Service providers such as WordPress and Tumblr offer people a platform to create content, while social media companies like Facebook and Twitter allow people to connect and communicate with anyone anywhere in the world. Additionally, mobile internet access and the popularization of smartphones enable anyone to consume content easily.
Web2-centric companies have reaped the benefits of this Internet revolution. Other than profits, companies have also built a large database of users. Bigger companies like Google and Facebook have bought over smaller ones, accumulating a central global network of users and their data.
Drawbacks of Web2
Since the advent of Web2, big Internet companies have realized they can utlize user data to keep them in their respective ecosystems. By producing targeted ads for consumers or preventing communication among different platforms, users are often inclined to continue using their services.
In recent years, ethical issues like censorship, data tracking, and data ownership have gained the attention of many Internet users. Ironically, user data seems to belong to companies in Web2 rather than the users themselves. We’ve seen cases of unfair data control, whereby users had their accounts closed after unknowingly violating platform-internal community guidelines. In the 2010s, news of Facebook’s failure to protect its users’ data set off global outrage over personal data collected without users’ consent.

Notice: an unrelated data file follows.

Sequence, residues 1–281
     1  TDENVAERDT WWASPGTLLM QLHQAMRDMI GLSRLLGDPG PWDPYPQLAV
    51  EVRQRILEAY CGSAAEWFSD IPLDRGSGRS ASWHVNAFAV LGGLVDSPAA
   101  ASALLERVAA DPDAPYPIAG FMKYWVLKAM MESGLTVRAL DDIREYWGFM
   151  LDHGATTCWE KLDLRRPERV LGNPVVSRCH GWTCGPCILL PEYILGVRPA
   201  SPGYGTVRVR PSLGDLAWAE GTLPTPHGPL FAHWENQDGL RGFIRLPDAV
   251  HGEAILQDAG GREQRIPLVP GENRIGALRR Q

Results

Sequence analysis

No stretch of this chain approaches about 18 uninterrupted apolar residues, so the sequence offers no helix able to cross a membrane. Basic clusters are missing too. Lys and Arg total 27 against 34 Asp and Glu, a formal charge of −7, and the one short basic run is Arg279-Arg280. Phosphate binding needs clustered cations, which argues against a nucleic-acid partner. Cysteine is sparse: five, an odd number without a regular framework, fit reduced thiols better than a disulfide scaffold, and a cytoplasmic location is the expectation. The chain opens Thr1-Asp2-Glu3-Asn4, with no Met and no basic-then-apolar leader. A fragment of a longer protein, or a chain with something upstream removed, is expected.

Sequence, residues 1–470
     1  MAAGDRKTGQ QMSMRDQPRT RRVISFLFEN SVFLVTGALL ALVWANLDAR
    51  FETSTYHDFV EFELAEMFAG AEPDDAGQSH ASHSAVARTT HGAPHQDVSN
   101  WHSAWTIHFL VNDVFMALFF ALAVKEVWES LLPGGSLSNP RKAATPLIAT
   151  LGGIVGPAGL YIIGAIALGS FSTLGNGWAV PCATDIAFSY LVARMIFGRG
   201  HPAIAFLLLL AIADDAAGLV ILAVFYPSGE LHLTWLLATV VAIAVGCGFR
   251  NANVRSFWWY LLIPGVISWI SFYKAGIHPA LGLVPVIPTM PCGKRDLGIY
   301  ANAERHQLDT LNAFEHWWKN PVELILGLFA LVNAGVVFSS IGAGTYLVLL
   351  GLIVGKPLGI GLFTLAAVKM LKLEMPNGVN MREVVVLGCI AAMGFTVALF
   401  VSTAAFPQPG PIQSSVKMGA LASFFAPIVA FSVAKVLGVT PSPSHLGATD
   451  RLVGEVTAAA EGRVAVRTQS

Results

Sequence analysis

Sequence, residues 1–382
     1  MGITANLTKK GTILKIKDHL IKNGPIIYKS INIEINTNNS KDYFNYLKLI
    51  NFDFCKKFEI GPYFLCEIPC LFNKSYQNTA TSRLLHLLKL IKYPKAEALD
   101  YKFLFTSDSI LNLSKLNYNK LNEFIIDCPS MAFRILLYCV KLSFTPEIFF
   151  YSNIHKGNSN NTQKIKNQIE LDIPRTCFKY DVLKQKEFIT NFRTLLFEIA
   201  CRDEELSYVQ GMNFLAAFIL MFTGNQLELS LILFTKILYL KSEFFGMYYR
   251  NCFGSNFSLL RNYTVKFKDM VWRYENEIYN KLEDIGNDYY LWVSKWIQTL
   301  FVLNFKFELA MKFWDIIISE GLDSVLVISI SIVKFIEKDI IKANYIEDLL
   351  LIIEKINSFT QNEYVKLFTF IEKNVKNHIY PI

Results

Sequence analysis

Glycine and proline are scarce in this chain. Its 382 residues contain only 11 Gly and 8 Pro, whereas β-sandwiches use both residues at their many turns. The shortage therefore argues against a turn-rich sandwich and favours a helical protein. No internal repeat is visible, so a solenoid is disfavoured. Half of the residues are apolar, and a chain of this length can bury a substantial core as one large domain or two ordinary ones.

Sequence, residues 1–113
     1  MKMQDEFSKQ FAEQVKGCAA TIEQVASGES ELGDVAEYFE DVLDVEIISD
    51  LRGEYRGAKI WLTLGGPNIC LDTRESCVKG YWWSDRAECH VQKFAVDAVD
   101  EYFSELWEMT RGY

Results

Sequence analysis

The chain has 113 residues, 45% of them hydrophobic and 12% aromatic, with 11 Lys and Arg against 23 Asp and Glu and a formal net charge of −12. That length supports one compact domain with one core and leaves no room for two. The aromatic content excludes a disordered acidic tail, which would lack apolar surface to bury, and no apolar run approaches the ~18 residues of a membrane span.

To address these problems, some have put forth a solution combining the benefits of Web1 and Web2: decentralization and user participation. While it’s not concrete, the core concepts of this version of the Internet, known as Web3, have largely been defined.
What is Web3?
If we look at the current problems of Web2, Web3 is the next logical step to improving the Internet for users. By leveraging peer-to-peer (P2P) technologies like blockchain, virtual reality (VR), the Internet of Things (IoT), and open-source software, Web3 aims to dilute the power held by huge Web2 companies. With decentralization, users can hopefully take back control of their content and ownership of their data.
Key features of Web3
Decentralized: As it is meant to tackle the root of the Web2 problem, i.e., centralization, decentralization is naturally a critical factor to Web3’s success. Besides returning data control to users, companies would have to pay to access their data. Decentralization would make native crypto payments accessible to anyone, and eliminate the need for the expensive intermediaries in the traditional Web2 payment infrastructure.